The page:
Previously, the Elwha River was one of the most productive fish streams in the Northwest, producing nearly 400,000 spawning fish annually.  However, after the Elwha and Glines Canyon Dams were constructed, without fish passage structures, there was a decline to fewer than 3,000 naturally spawning fish.  As part of the Elwha River Restoration the federal government agreed to remove both dams.  (For more information on the Elwha River Restoration, click here.)

The dam removals required the preparation of certain environmental documents, including an Environmental Impact Statement (“EIS”), to determine the environmental effects of the project.  The EIS determined that the project would negatively impact fish populations and suggested that hatchery support would be needed to ensure the protection of fish stocks.

Based on the EIS, the federal government released an Environmental Assessment (“EA”).  The EA proposed releasing large quantities hatchery raised steelhead trout and coho salmon to supplement the fish population.  However, the large release would ensure that the majority of fish that would return to spawn would be hatchery fish.

Four fish conservancy groups filed suit against five federal agencies, seeking declaratory and injunctive relief.  The plaintiffs include the Federation of Fly Fishers Steelhead Committee, the Wild Fish Conservancy, the Wild Salmon Rivers, and the Wild Steelhead Coalition.  The defendants include the NOAA Fisheries Service, the National Park Service, the United States Department of Commerce, the United States Department of the Interior, and the United States Fish and Wildlife Service.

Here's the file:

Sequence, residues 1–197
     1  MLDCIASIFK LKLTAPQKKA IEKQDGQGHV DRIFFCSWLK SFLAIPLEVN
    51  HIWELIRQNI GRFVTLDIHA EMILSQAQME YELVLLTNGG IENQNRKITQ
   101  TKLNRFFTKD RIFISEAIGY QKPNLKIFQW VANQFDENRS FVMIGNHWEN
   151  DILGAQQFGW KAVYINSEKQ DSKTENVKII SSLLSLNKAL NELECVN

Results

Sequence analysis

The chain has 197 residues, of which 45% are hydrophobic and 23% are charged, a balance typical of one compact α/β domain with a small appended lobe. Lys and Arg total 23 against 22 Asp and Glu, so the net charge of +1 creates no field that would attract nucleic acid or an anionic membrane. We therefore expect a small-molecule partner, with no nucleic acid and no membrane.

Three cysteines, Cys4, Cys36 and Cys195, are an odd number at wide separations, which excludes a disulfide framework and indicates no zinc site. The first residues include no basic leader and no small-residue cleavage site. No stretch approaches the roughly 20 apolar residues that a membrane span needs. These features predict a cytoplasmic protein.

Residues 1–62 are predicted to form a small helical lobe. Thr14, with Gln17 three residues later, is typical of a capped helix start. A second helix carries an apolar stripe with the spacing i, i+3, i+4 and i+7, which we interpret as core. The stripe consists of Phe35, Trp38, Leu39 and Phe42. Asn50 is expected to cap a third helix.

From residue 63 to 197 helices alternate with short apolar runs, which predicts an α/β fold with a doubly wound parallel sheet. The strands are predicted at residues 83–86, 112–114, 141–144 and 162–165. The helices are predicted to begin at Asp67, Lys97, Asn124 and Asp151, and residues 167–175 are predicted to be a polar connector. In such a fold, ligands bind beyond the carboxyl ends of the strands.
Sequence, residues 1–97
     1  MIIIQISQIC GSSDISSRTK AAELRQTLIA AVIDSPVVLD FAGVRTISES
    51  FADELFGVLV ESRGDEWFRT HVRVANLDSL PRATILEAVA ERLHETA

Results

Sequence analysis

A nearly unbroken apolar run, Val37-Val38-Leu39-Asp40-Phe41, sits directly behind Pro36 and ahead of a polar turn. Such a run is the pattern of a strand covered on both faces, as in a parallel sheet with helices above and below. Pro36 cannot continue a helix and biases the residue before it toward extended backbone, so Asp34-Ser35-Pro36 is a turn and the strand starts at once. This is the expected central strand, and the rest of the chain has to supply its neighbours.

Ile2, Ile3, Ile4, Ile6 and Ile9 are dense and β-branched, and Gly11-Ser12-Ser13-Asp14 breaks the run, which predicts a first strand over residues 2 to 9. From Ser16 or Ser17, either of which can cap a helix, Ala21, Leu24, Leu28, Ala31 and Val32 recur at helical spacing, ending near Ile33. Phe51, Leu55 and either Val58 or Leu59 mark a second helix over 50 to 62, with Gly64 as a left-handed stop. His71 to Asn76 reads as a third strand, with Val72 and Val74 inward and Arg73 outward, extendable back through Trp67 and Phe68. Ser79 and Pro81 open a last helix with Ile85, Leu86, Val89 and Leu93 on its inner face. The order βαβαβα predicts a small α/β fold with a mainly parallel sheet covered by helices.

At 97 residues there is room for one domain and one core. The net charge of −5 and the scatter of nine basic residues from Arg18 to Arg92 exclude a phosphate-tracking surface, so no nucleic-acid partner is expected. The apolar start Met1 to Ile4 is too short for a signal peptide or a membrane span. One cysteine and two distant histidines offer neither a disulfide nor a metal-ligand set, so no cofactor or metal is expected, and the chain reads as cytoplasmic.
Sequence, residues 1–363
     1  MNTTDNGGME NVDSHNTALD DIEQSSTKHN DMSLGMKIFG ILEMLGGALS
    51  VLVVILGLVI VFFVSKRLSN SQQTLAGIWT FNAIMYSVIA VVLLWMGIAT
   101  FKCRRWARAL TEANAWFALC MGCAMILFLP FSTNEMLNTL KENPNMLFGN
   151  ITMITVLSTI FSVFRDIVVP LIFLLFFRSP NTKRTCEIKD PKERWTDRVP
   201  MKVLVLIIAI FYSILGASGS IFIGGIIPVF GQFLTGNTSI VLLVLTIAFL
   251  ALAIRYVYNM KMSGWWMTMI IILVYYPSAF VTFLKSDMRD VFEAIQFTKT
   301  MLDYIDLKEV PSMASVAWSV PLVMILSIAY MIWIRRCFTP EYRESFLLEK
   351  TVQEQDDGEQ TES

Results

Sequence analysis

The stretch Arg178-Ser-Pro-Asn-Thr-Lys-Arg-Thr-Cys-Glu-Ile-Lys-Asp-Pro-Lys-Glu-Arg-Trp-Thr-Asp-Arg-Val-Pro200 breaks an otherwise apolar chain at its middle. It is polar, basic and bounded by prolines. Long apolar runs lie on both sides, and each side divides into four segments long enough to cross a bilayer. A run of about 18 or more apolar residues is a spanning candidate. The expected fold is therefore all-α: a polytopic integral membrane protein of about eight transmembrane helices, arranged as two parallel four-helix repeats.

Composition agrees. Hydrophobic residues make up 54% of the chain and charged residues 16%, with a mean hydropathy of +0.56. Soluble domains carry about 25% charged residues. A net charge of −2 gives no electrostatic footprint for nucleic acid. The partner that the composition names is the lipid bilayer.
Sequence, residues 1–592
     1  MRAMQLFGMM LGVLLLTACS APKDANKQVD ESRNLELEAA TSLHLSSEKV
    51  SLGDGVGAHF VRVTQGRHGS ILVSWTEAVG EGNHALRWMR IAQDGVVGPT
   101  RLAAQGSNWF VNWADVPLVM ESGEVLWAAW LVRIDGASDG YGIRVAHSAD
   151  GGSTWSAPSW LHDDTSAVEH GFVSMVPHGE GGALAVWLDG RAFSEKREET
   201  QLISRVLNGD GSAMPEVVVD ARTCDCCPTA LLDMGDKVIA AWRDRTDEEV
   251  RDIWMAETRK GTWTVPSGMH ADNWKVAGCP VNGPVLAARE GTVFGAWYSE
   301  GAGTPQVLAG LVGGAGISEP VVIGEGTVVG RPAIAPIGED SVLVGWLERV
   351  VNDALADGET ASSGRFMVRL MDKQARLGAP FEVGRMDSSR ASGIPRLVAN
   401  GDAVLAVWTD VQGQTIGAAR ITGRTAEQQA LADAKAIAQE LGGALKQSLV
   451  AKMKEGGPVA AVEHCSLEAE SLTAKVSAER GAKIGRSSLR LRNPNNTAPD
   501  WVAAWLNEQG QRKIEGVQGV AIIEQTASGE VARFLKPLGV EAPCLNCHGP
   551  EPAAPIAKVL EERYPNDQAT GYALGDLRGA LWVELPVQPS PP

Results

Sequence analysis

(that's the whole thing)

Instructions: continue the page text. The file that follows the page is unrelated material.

The court found that the agencies’ proposed quantities of hatchery fish were “arbitrary” and that the court found it “suspect” that the agencies did not consider smaller releases of hatchery fish.  The court found that the EA was inadequate and granted summary judgment to the plaintiffs on the issue.  Because of the deficiency of the EA, the court ordered the parties to meet and confer regarding the plaintiffs’ proposed release of a smaller number of hatchery fish.


The Lower Elwha Klallam Tribe was initially named as a defendant, but the court dismissed the Tribe from the case, based on a lack of subject matter jurisdiction.  The plaintiffs’ have stated that they support the Tribe’s right to harvest the coho salmon and steelhead trout. Additionally, the court found that decreasing the proposed releases of hatchery fish would not impact Treaty fishing rights, because there is a current moratorium on fishing, lasting through 2018 and after 2018, the Tribe agreed to base its catch on the number of returning fish.   The initial Hatchery and Genetic Management Plan was developed collaboratively with the Tribe. However, to ensure tribal interests are represented, the parties are obliged to consult with the Tribe as they meet and confer regarding the amount of fish to be released and as they draft new portions of the EA.

The cross-motions for summary judgment and the court order can be found here.

Amber Penn-Roco's practice focuses on complex land and environmental issues and multi-party litigation involving tribal sovereignty, torts and hazardous materials.  Amber is an enrolled member of the Chehalis Tribe.  She can be reached at (206) 713-0400 or